Upon awakening the first morning in our new place, the very first thing I noticed was the deep silence. Instinctively I took the deepest breath I had taken in months. Until we moved here to Laguna Woods, I didn’t even realize the noise level in west Los Angeles. I had obviously gotten accustomed to the constant roar of the freeway and the city noise.
Waking up that first morning here, the silence was profound and delicious. The stillness was like a balm for my soul after all the moving, packing, and running around.
Surrounded by stillness, I can breathe more deeply. In silence, layers of thought and movement get peeled away and I’m able to see more clearly, settle my self down.
Judaism has several different paradigms of experiencing God/Divine/The Great Oneness and accessing wisdom. One is the explosion of awareness at Mt. Sinai. God speaks with thunder and lightening, and loud shofar blasts. Kind of like being knocked over the head: SEE THIS!
On the other end of the spectrum. we have the experience of Elijah (we read this in the haftarah this week) where running for his life, he hides in a cave. There, he encounters God decidedly NOT in the wind, earthquake or fire that comes his way, but in the still small voice (1 Kings 19: 9 – 13.)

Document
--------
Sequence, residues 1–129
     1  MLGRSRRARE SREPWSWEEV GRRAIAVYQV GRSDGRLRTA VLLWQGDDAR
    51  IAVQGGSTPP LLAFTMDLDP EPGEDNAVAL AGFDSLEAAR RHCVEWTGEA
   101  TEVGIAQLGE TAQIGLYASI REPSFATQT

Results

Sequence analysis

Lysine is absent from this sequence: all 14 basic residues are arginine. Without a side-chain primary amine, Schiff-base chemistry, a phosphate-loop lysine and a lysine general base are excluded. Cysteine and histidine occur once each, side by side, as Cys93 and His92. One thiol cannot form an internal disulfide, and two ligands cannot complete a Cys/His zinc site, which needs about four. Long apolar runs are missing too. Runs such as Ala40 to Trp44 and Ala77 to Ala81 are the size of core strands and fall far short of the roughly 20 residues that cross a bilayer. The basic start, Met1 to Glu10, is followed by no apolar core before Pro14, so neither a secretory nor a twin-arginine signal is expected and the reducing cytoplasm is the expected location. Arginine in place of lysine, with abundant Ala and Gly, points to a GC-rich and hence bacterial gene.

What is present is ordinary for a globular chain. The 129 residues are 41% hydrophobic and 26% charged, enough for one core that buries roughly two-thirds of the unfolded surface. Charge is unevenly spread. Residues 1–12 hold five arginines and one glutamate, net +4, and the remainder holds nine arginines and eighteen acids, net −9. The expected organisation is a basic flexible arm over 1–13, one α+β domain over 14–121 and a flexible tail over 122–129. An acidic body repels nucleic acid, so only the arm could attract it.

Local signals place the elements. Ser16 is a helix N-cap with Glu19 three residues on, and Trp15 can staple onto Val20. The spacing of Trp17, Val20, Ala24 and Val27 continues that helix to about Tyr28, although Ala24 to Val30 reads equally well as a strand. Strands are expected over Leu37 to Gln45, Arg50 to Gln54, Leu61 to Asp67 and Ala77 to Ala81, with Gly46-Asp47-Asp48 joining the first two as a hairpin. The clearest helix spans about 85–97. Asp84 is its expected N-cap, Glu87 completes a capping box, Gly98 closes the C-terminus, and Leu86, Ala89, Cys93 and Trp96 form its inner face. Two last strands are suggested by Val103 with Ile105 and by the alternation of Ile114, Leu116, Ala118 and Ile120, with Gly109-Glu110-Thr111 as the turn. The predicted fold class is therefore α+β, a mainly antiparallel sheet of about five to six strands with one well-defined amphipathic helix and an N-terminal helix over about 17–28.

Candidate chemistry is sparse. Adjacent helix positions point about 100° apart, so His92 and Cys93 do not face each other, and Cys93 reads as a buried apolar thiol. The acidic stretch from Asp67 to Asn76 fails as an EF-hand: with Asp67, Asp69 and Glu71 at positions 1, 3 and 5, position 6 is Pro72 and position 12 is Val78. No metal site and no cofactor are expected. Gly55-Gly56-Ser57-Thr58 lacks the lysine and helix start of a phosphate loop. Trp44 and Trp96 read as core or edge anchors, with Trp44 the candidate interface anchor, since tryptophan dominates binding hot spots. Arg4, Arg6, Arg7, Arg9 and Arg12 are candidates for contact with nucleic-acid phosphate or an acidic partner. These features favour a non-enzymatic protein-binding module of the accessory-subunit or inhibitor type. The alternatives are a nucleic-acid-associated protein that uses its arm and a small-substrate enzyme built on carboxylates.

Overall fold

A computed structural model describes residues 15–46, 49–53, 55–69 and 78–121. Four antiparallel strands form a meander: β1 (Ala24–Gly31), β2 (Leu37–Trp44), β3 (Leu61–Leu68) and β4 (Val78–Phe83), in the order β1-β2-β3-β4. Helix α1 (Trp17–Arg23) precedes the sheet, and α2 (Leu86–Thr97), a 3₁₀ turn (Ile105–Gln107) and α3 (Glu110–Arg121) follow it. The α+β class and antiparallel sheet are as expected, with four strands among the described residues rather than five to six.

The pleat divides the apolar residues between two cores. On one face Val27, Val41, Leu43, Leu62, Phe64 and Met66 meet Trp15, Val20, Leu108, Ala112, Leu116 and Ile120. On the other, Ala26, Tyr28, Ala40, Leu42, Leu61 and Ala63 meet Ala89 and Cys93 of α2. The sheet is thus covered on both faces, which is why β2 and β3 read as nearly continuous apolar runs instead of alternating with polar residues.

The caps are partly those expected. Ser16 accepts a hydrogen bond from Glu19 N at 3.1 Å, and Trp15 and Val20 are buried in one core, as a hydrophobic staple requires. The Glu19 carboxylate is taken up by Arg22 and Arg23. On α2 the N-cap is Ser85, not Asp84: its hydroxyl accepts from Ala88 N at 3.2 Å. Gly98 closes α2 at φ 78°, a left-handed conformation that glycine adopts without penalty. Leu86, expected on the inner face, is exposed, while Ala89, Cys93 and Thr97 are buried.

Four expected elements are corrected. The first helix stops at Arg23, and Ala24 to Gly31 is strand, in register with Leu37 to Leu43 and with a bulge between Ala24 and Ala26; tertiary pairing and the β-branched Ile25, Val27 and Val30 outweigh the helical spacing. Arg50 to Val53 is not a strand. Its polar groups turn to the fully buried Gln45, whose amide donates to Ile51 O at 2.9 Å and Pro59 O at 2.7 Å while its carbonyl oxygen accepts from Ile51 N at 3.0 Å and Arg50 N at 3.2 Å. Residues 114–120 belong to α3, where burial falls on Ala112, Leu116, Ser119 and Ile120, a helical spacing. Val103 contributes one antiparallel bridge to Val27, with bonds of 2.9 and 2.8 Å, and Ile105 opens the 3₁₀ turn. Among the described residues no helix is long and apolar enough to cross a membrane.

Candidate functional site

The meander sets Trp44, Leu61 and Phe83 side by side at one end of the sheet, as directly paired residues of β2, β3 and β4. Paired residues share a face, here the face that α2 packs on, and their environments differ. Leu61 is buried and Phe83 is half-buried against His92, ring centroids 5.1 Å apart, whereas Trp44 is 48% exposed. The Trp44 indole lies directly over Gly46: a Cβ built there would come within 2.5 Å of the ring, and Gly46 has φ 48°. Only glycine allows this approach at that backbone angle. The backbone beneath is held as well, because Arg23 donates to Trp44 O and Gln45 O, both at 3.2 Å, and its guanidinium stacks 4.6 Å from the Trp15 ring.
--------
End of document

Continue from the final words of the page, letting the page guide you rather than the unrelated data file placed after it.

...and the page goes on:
I was so grateful when I first learned the Elijah paradigm of experiencing God in stillness. It was a validation of my own way of accessing Divine wisdom that I’ve had my whole life – when I’ve taken the time to be silent.
Some of my greatest insights and “aha” moments have occurred when I’ve had periods of time of being still. Even when there isn’t the external noise of the city – there’s a constant hum of thoughts and the busyness of my mind always planning, thinking, perseverating.
In dedicated silence, whether in meditation practice or (best yet) retreats, I have found the noise settles down enough that I can access a depth of awareness not possible any other way.
Unlike Sinai moments that are inescapable blasts, silence is something I’ve had to consciously choose.
There’s so much more to say about the still small voice – it is our theme in Hineni this month (come join us!)
As the arc of the Jewish year begins to bend toward the High Holy Days, spending some time in silence is perfect soul preparation.
What’s your own relationship with silence?
Is it easy for you? Uncomfortable?
How do you deal with silence in conversations? Are you ok with it or do you rush in to fill the space?
Do you regularly have times of stillness in your day?
What insights have you had in your life that emerged from the still small voice?
In the riot of summer, it may seem counterintuitive to be talking about accessing the still small voice – but it’s really the best time of the year. When schedules are a bit lighter, it’s easier to fit in stillness.
I would love to hear your thoughts and your own experiences of the still small voice within. You can write me at firstname.lastname@example.org
Wishing you a wonderful July.